To bring down the temperature, Antony Blinken has arrived in Beijing.

US Secretary of State Antony Blinken has arrived in Beijing on a crucial diplomatic trip to try to defuse escalating tensions between the US and China that have many people on edge throughout the world. Blinken is also the first US Secretary of State to visit Beijing in five years.

Blinken is anticipated to hold a crucial meeting to stabilise a relationship under significant strain during his two-day visit to China. It also follows his cancellation of a trip to Beijing in February following the shooting down of a Chinese spy balloon over the US.

According to US sources, Blinken has scheduled meetings with the Chinese President Xi Jinping on Monday, the Foreign Minister Qin Gang on Sunday, and the top diplomat Wang Yi. In accordance with a statement from the State Department, Secretary Blinken will also meet with senior PRC officials. During these meetings, he will emphasise the value of keeping lines of communication open in order to manage the US-PRC relationship responsibly. Additionally, he will bring up bilateral concerns, global and regional challenges, as well as future collaboration on common global concerns.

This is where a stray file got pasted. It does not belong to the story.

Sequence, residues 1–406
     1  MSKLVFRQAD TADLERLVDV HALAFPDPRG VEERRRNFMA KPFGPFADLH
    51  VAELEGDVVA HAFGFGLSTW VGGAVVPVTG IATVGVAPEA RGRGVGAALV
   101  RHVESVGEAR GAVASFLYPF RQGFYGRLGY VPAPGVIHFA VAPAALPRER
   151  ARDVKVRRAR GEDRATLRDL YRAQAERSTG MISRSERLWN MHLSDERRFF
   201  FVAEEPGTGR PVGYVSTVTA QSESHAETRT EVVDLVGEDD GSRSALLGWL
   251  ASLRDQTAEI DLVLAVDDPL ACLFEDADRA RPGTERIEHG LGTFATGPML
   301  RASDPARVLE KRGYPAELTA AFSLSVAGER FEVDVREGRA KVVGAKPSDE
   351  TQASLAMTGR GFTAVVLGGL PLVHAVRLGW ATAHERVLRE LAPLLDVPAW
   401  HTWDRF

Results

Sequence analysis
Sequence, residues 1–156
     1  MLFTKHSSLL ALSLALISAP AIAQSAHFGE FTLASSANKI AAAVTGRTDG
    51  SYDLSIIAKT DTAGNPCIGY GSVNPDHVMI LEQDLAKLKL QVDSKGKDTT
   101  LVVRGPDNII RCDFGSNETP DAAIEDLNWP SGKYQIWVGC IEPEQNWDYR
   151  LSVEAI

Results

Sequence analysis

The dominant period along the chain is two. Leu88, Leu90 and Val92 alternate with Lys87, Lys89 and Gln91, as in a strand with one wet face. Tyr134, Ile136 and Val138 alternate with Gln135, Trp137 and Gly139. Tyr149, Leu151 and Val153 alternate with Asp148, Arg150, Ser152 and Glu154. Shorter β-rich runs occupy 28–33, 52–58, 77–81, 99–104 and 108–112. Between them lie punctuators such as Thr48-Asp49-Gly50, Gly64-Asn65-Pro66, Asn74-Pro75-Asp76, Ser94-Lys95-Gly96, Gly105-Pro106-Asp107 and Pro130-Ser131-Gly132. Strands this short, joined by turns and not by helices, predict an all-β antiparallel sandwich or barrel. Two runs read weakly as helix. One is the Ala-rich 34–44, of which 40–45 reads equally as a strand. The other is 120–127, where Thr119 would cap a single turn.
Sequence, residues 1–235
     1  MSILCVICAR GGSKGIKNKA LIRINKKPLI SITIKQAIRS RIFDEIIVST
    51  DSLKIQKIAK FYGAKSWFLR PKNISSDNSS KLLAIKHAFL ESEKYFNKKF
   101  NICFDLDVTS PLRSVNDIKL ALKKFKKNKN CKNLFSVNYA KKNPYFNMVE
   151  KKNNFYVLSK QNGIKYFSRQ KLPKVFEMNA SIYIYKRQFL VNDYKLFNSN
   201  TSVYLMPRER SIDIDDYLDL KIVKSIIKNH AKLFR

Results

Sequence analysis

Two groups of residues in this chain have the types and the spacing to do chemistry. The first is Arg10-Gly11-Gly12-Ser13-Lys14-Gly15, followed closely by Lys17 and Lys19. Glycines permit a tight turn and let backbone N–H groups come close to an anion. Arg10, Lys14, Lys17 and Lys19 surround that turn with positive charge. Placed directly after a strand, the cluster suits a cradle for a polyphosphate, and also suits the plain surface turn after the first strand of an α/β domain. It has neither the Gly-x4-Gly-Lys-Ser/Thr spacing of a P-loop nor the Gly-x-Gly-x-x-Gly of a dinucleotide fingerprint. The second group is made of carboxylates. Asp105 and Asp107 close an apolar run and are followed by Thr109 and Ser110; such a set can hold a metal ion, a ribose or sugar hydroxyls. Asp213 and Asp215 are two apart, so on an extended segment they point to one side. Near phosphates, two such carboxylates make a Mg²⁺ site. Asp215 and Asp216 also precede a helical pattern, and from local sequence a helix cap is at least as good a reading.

In separate conversations with his South Korean and Japanese counterparts before to his journey to China, Blinken emphasised the value of “sustained… trilateral cooperation.” The discussions took place at a time when North Korea has increased its missile tests over the past year and Tokyo is under increasing pressure from Chinese ships near islands that Beijing and Tokyo are fighting over.
Blinken informed South Korea’s Foreign Minister Park Jin on Friday of the United States’ “ironclad commitment” to its defence, according to a statement from State Department spokesman Matthew Miller on Saturday.

There have been a few high-level interactions since Blinken’s trip was postponed in February. May saw the journey to China of CIA Director William Burns, the US visit of China’s commerce minister, and a meeting in Vienna between Yi and Jake Sullivan, Biden’s national security adviser. These have, however, been punctuated by irate exchanges between the two sides regarding the Taiwan Strait, their larger plans for the Indo-Pacific, China’s refusal to condemn Russia for its war against Ukraine, and American allegations that Beijing is attempting to enhance its global surveillance capabilities, including in Cuba. Furthermore, China’s military minister earlier this month rejected Lloyd Austin’s request for a meeting outside of a security conference in Singapore, a sign of continued discontent.

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